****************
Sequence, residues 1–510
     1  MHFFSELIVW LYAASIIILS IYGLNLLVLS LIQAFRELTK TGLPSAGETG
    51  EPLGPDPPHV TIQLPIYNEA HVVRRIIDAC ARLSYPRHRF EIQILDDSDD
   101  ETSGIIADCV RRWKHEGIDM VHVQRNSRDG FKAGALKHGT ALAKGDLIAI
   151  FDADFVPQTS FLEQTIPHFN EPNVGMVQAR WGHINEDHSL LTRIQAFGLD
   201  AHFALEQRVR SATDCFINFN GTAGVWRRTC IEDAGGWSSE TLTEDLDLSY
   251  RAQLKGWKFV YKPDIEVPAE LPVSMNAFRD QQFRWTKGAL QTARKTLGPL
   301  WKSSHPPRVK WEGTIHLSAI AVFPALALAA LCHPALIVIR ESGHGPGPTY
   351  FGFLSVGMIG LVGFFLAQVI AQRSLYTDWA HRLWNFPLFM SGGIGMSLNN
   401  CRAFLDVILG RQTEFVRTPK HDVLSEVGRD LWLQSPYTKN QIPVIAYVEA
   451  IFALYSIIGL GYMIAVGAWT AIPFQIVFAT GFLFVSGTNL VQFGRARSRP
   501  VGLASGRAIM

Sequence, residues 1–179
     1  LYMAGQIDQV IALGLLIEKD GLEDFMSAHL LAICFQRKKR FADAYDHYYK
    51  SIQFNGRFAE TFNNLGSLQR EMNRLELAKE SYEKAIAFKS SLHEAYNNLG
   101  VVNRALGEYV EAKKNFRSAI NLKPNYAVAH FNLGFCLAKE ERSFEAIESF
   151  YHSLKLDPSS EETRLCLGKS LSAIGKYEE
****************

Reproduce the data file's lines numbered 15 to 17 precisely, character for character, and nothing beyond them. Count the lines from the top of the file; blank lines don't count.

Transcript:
    51  SIQFNGRFAE TFNNLGSLQR EMNRLELAKE SYEKAIAFKS SLHEAYNNLG
   101  VVNRALGEYV EAKKNFRSAI NLKPNYAVAH FNLGFCLAKE ERSFEAIESF
   151  YHSLKLDPSS EETRLCLGKS LSAIGKYEE